There was a lot at play during this “bad date”, decades of “socializing” that put Aziz and “Grace” in this room where they had such polar opposite experiences and interpretations. “Socializing” is the nice term used to politely explain the psychological conditioning behind our behaviors. It helps justify things like implied consent – she came back to his apartment after all, so what did she think was going to happen? It teaches this dangerous theory that women are playing hard to get so when they tell you “No” you are supposed to keep going, they don’t really mean “No” they are just playing hard to get. Socializing also teaches women not to embarrass men or be cruel in your rejection, let them down easily and don’t hurt their feelings. It also has taught us that the main goal of dating is sex, as opposed to trust respect, or a connection that can lead to a companion. 

And so you end up on a “bad date” where both verbal and non-verbal expressions are ignored by the man as he continues to pursue sex and the woman doesn’t get up and leave because she has learned that it is both easier and probably safer to just defer to the mans desires and get it over with. Because the date ended in sex the man sees it as a success, and the woman is left with a whole mixture of emotions and confusions. All of which she will now be blamed for. 

It’s clear from “Grace”’s story that we have a long way to go with how we view sexuality and consent. Until men finally acknowledge that women live in a very different world and men have a responsibility to change their words and their actions, we won’t get anywhere. As long as the default response to accusations of sexual misconduct is to defend the man and question the woman, we won’t make progress. 


Regarding this “Witch Hunt”

It’s not a witch hunt. Please, just stop with that. 

These men crying out against this “witch hunt” that is happening against men (mostly white men, actually) need to check themselves. Comparing #MeToo and holding people accountable for their actions to a systematic persecution of marginalized people is both offensive and meant to defuse from the actual issue at hand. Don’t let it. 

Let’s start with the simple. What is an actual witch hunt? A witch hunt is a search for a person labelled “witch” or evidence of witch craft often involving moral panic or mass hysteria. From about 1450 to 1750 there was a wide spread witch hunt that happened in Europe and America, and an estimated 200K “witches” were tortured, burnt, or hanged in the Western world from 1500 to 1800.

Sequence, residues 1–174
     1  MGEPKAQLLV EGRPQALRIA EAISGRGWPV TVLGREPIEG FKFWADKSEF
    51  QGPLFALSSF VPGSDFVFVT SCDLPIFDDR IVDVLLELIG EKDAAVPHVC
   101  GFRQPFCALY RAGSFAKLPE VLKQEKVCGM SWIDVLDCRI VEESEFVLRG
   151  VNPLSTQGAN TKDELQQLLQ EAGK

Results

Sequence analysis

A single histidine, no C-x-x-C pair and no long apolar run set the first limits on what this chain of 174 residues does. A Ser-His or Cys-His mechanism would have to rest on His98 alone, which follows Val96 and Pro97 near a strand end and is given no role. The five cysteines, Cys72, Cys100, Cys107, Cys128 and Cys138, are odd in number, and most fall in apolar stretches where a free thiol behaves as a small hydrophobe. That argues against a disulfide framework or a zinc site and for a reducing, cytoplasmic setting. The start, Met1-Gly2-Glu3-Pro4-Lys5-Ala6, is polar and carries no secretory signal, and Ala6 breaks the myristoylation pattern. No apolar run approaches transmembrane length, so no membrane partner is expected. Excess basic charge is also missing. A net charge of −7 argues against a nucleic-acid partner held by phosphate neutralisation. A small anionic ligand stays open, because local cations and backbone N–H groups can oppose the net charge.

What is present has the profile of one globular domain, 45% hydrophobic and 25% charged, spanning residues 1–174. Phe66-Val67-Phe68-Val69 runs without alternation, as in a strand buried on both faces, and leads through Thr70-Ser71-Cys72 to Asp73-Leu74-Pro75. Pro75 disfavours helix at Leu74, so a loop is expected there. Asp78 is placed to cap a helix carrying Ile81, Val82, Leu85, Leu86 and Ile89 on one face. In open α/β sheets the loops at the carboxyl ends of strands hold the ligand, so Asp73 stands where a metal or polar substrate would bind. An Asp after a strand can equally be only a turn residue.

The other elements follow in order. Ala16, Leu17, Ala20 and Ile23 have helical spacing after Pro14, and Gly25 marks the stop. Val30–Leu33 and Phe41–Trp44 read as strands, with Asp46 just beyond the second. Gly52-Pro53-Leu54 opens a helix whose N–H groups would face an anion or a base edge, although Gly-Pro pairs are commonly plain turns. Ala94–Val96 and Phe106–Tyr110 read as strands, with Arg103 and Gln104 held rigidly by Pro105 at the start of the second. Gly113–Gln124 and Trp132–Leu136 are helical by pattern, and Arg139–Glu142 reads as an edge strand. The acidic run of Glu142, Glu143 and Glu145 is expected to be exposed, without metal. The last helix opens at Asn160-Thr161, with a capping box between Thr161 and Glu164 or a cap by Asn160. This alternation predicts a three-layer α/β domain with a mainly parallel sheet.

And guess what, this heavily targeted women who didn’t fit the “norm”. Historically, witch hunts involved powerful state and religious agencies identifying and then executing vulnerable people, mostly women and other outsiders (translation: not white men). And most of these people being punished were not actually “witches” as defined by the church, just vulnerable outsiders (again: not white men).

Contrary, these men in the public eye being accused of sexual misconduct are, for the most part, incredibly powerful and actually guilty. 

Next. Arther Miller wrote “The Crucible” in 1953 as an allegory for McCarthyism, when the government ostracized people for being Communists, and went on a rabid hunt for possible communists. Arther Miller was one of many being accused of Communist sympathy. He felt he was being hunted and it was unjust. So he wrote a play to state his case that this “witch hunt” happening was absurd and founded in paranoia. Also, he was a Communist. 

And since then the term “witch hunt” has been applied more metaphorically than literally.  By men who want you to ignore their actions and guilt. 

Calling the #MeToo movement a witch hunt is utter nonsense. But accusing these women who are finally speaking their truths has a point. Powerful (white) men are not heretics and witches before the Salem magistrates or the Inquisition, nor are they alleged Communists. Losing their jobs is not equivalent to the loss of life or freedom. Being held accountable is not a form of repression. These powerful men attempting to equate their fate to these historical levels of victimhood is not an accident. They are trying to generate sympathy and doubt. They want you to believe that they are in exile, when really they have never been forced to consider their actions and they simply have no idea how to. God forbid they admit they did something wrong, let alone believe it. No, they are victims of a witch hunt! 

We cannot allow these men to casually dismiss these atrocious actions by appropriating the rhetoric of the oppressed to hold off their own accountably. We must keep our attention on the victims (note: not the white men), listen to their stories. These women sharing their #MeToo gain nothing in power, and everything in strength. They aren’t maliciously hunting men down, they are taking back their own power by telling the truth of what happened. 

It’s not a coincidence that once one woman comes forward with a story accusing a powerful man of sexual abuse that several more come forward with similar stories. These crimes are not isolated, one-off instances. These aren’t momentary lapses in judgement. These are men exploiting their power over and over and then shaming their victims into silence. #MeToo and #TimesUp says no more.

It’s not a witch hunt, it’s a reckoning.